The Reusable Industrial Packaging Association (RIPA) was founded in 1942 as one of the first trade associations to represent the industrial packaging business in North America. RIPA was originally known as the National Barrel and Drum Association (NABADA), and for a time was also known as the Association of Container Reconditioners (ACR). Today, the group represents all parts of the industrial packaging industry, including reconditioners, manufacturers, distributors, suppliers, and packagers. No other association serves the industry as fully or represents it as broadly, which makes RIPA the logical home for companies in the industrial packaging business.
RIPA serves as a focal point for the industry’s collective action on legislative and regulatory issues, standards and legal matters at the international, national and state levels. RIPA promotes Responsible Packaging Management, which is the industry’s commitment to the public to continuously improve its health, safety and environmental performance.
RIPA has created an innovative and inclusive organizational approach through the creation of Product Groups. Each Product Group represents an industry sector (e.g., steel drums, plastic drums, intermediate bulk containers), thereby encouraging manufacturers, reconditioners and distributors to work together to identify and solve common problems.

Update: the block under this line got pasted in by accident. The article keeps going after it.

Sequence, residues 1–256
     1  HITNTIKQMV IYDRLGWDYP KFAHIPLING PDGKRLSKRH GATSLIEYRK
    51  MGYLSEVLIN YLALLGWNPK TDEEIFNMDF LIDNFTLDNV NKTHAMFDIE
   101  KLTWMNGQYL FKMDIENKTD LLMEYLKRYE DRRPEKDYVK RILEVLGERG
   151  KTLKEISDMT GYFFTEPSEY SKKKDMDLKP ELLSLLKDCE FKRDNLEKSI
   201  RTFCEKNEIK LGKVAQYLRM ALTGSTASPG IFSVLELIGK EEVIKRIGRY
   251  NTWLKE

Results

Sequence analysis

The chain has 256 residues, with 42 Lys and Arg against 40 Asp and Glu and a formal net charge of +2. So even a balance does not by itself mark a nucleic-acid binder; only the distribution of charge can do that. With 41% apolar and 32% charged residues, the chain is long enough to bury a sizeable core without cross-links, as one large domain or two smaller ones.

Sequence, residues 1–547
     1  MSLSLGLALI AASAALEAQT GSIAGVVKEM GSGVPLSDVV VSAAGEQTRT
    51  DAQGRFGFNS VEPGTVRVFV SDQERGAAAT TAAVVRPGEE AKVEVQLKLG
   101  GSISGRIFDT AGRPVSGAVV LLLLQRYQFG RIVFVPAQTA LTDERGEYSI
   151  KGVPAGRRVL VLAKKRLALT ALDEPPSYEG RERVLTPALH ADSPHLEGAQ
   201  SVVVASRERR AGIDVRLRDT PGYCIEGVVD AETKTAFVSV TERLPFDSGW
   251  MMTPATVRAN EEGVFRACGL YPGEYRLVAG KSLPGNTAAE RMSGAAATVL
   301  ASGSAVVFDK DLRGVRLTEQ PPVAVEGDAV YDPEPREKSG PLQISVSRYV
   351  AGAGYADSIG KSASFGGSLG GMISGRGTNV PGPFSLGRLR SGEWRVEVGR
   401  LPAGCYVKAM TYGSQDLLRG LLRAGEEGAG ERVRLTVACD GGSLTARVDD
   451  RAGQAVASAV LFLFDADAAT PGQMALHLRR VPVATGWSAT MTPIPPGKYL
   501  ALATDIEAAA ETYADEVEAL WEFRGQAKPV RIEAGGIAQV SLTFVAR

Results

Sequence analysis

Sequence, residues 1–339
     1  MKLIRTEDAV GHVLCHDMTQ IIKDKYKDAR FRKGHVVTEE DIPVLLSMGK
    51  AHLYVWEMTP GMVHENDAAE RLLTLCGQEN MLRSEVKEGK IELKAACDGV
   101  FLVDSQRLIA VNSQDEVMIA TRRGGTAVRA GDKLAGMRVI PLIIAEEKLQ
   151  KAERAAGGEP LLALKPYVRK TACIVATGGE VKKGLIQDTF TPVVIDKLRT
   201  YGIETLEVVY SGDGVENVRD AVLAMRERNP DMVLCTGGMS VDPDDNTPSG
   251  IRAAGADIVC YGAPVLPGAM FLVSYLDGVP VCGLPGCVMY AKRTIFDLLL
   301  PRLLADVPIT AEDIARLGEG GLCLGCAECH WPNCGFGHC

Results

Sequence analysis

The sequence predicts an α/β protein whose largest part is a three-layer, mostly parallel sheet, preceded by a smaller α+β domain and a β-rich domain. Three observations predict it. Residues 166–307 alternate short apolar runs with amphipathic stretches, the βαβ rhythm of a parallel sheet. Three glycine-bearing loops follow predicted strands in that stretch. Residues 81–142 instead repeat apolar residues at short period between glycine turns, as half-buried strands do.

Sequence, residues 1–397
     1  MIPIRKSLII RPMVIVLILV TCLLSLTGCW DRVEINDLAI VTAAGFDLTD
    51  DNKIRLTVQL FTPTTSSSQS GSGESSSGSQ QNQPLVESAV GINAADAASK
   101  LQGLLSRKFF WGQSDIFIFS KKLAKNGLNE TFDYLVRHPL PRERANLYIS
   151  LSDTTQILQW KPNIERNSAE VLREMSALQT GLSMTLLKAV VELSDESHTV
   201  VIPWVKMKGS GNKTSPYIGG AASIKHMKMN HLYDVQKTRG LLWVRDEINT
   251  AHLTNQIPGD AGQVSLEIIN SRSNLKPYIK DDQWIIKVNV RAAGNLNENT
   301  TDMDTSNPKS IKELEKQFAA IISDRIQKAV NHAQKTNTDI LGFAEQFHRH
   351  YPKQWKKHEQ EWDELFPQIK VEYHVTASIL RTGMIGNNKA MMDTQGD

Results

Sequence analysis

Reconditioning is at the vanguard of the “green” industry movement. RIPA members ensure the reuse of millions of industrial packagings every year, thereby reducing air, land and water pollution by hundreds of millions of pounds as compared to newly manufactured packages. Reuse significantly reduces greenhouse gas emissions. Additionally, reconditioners provide thousands of green jobs to men and women throughout North America.
As a co-founder and Board member of the International Confederation of Container Reconditioners (ICCR), RIPA works with partner associations in Japan, Europe, and Australasia to represent the industrial packaging industry in various international forums, including the UN Committee of Experts and the International Standards Organization. In this way, RIPA promotes and protects the industry’s interests in the global marketplace.
For a fascinating look at RIPA’s past and future, read “The Reconditioning Industry: Past, Present and Future“.